Reverse snobbery  

From The Art and Popular Culture Encyclopedia

Jump to: navigation, search

Related e

Google
Wikipedia
Wiktionary
Wiki Commons
Wikiquote
Wikisource
YouTube
Shop


Featured:
Train wreck at Montparnasse (October 22, 1895) by Studio Lévy and Sons.
Enlarge
Train wreck at Montparnasse (October 22, 1895) by Studio Lévy and Sons.

Reverse snobbery is the phenomenon of looking unfavorably on perceived social elites – effectively the opposite of snobbery. For instance, poorer members of society may eventually consider themselves to be friendlier, happier, more honest or moral than richer members of the society, and middle-income members of society may stress their poorer origins. This is common in British politics, in which MPs often say things such as "I grew up on a council estate" to try to prove their common roots.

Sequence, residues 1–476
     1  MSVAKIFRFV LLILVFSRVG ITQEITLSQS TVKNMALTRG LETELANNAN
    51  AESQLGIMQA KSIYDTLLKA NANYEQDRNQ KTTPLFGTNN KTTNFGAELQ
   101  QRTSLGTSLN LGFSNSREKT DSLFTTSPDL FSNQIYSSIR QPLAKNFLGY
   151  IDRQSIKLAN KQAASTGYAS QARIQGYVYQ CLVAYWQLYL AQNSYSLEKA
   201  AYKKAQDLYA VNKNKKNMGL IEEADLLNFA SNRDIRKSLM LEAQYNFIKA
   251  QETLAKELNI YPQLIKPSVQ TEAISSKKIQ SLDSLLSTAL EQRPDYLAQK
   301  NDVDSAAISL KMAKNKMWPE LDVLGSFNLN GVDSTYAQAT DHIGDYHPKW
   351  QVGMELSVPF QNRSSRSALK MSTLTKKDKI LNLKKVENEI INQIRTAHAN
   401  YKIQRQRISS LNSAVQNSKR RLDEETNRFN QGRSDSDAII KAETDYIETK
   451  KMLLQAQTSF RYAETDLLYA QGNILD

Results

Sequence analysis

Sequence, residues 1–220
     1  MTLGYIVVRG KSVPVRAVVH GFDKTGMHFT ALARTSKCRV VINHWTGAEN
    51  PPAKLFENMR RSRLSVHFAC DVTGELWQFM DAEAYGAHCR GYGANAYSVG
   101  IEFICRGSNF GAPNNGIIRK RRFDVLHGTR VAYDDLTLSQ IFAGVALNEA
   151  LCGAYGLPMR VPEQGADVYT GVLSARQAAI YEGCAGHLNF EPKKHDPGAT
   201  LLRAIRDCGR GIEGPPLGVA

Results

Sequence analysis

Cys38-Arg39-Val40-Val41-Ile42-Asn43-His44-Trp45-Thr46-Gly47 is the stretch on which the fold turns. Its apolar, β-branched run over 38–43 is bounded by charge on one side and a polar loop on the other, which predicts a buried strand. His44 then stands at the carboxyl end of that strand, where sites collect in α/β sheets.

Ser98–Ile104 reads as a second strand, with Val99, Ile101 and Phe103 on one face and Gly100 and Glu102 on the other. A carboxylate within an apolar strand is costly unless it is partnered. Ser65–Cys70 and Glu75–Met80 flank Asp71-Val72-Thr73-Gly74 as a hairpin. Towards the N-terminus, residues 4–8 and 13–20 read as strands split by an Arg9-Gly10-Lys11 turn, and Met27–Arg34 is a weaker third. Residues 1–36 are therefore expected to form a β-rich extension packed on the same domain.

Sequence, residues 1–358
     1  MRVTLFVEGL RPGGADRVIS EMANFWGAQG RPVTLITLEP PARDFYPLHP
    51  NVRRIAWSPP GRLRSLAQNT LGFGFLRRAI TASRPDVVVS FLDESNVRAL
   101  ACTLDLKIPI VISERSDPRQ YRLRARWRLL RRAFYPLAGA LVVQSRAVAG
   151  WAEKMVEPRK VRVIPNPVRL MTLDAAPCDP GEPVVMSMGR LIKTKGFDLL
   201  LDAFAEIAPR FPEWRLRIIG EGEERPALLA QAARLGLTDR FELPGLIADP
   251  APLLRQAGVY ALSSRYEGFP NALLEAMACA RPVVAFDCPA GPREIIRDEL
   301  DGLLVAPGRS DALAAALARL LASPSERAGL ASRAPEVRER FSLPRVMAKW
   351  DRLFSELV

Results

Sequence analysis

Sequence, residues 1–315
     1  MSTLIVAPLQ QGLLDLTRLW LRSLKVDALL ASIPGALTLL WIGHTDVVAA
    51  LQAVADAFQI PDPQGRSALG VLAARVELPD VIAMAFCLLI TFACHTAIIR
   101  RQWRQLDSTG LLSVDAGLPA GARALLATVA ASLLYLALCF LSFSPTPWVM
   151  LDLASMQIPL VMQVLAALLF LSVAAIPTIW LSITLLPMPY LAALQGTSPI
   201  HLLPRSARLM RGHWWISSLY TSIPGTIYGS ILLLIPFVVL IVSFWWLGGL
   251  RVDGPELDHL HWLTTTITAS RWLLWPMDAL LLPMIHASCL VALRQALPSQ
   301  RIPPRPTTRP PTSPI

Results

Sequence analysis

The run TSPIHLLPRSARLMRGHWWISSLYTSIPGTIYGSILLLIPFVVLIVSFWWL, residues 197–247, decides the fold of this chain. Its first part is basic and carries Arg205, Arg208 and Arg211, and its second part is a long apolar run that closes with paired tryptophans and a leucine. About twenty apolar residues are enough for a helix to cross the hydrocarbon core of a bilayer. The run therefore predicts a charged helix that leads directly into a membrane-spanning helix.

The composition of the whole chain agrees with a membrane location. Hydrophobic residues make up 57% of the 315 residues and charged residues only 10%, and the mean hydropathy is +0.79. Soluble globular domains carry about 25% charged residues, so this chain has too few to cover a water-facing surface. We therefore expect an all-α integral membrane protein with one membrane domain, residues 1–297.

The term bourgeois is frequently used in North America among those who self-identify as working class, to describe individuals who borrow veneers of upper classes in order to affect a sophisticated, cultured image. In a related phenomenon, people who have worked to change their material lives may be accused of having "betrayed their roots".





Unless indicated otherwise, the text in this article is either based on Wikipedia article "Reverse snobbery" or another language Wikipedia page thereof used under the terms of the GNU Free Documentation License; or on original research by Jahsonic and friends. See Art and Popular Culture's copyright notice.

Personal tools